Young adults who have recently turned 18 are facing uncertainty as it relates to school, living situations, the workplace and life in general as a result of the COVID-19 Pandemic. Whether or not they will be heading off to college – or attending a virtual version thereof – may still be up in the air, but one thing that remains unchanged is that these now-adults suddenly have their own legal authority and no longer fall under the authority of their parents as natural guardians.
As soon as a person reaches age 18 they become an adult under Ohio law. In the context of estate planning, this means said young adult is now able to contract on their own behalf and direct their own health care. If the young adult becomes incapacitated, they no longer have a legal guardian who could step in to make a financial or health care decision for them as they did prior to the age of 18. As such, if the young adult cannot make a decision due to incapacitation, loved ones may be forced to go to Court to obtain guardianship. The guardian then has legal permission to make key financial or health care decisions on the incapacitated young adult’s behalf, but not before a public and often costly hearing along with on-going reporting requirements.
Young adults, even those without a spouse, significant other or their own children, should strongly consider implementing some foundational estate planning tools. At a minimum, every adult (young or not) should have financial and health care powers of attorney in place and should consider if a living will declaration is appropriate for them.
Financial Power of Attorney
A financial power of attorney (POA) lets an adult appoint another individual to make financial decisions on their behalf. One specific type of POA, a durable version, is one that continues to be effective when the individual who created it becomes incapacitated. This type of POA should be implemented to allow a family member or other individual to help manage one’s affair when they cannot do so themselves.
Health Care Power of Attorney
An Ohio health care power of attorney allows a person to designate a family member or other individual to make health care decisions for them at any point when they are unable to communicate on their own. This includes all facets of medical decision making and can also include the decision with regard to the withholding or withdrawal of life-support if a living will is not also in place.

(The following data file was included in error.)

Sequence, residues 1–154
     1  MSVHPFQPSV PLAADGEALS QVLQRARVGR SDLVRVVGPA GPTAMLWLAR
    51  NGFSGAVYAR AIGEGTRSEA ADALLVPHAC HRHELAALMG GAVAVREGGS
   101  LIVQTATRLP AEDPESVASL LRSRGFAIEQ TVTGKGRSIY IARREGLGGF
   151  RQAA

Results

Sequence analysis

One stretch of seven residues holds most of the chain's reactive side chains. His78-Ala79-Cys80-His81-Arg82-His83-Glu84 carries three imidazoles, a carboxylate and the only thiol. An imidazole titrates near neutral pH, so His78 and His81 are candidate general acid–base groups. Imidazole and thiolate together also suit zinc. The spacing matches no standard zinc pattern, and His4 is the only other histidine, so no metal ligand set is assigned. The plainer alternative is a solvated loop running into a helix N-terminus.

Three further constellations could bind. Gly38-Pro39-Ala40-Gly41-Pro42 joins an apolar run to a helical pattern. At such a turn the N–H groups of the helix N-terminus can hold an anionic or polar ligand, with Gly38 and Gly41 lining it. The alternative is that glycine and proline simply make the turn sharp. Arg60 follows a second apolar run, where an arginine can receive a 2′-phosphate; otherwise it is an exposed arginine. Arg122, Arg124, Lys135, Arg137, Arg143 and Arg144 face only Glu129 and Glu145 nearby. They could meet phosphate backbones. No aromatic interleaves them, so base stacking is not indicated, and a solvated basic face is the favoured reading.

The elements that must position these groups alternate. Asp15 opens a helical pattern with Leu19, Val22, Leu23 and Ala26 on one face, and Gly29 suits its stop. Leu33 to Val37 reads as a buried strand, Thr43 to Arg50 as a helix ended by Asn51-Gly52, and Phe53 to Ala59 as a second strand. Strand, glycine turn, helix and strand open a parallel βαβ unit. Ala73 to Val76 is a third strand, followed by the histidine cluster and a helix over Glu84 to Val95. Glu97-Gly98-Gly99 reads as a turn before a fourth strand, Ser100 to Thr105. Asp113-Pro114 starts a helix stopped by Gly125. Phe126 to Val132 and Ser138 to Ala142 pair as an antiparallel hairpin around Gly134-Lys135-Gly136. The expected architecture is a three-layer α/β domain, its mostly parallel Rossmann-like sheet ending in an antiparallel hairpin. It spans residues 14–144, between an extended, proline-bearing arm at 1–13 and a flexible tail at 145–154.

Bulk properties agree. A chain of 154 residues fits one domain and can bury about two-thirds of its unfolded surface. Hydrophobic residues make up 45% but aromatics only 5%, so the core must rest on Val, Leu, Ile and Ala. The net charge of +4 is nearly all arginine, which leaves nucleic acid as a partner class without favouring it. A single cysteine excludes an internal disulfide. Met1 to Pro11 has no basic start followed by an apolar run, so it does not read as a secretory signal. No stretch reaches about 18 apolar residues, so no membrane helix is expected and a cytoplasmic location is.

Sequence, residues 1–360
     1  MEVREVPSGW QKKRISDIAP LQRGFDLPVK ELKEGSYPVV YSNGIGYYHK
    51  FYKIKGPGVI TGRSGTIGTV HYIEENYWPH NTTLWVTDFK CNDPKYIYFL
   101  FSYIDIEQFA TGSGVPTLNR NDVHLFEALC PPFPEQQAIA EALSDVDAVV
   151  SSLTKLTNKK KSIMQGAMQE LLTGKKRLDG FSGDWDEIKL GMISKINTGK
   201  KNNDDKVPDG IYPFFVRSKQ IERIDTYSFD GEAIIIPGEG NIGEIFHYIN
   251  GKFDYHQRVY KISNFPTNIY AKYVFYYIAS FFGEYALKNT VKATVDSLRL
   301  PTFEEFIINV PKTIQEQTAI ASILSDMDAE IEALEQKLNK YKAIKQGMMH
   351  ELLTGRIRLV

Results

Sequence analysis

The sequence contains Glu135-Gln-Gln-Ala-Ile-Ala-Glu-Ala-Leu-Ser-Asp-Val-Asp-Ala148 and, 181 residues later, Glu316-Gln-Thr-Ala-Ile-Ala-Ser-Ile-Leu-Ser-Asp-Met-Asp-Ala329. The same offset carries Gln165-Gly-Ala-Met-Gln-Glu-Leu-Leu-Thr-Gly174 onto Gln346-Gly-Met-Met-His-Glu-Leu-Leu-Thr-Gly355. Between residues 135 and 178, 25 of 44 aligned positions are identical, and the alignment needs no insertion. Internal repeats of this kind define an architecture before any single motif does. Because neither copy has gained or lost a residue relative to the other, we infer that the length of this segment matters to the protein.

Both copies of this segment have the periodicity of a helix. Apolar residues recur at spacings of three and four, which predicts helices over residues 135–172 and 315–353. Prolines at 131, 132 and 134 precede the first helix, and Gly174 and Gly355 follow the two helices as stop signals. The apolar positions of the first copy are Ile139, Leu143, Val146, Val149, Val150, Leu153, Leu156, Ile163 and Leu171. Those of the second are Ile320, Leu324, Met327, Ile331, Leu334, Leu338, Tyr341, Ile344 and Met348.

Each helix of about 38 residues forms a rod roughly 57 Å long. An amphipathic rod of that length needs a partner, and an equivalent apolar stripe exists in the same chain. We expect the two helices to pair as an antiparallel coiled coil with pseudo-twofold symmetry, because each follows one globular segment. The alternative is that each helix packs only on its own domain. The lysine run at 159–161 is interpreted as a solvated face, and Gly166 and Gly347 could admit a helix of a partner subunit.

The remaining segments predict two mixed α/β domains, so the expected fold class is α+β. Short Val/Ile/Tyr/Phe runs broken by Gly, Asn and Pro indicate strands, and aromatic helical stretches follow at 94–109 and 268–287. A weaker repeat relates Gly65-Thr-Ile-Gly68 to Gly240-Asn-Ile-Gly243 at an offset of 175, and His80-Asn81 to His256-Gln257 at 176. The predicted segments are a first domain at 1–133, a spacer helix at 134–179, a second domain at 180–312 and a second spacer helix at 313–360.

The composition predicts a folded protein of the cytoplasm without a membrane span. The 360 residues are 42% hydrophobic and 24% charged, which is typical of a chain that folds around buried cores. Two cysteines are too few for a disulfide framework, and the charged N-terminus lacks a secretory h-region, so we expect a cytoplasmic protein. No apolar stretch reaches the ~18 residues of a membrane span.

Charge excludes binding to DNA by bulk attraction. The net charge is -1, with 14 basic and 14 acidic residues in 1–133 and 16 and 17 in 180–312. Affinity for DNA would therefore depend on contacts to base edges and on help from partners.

Under Ohio law, a living will allows a person to outline their wishes with regard to end of life healthcare in the event that the person is unable to communicate on their own. A living will specifically addresses the withdrawal or withholding of artificial nutrition and hydration in a situation where the declarant who made the living will is in a permanently unconscious or terminally ill state. This document can be very important to ensure one’s wishes are adhered to. Additionally, this document can take a great burden off of a family member or other person who is otherwise responsible for health care decision making under a health care power of attorney.
Get Started Now
It’s never too soon to get the foundation of an estate plan in place. As it makes sense, a Last Will & Testament and trusts can be considered, but the essential disability documents discussed in this article should be considered by every adult as soon as they turn 18. If you or your now-adult loved ones need assistance implementing an estate plan, contact your attorney at Carlile Patchen & Murphy or any member of the Family Wealth & Estate Planning Group.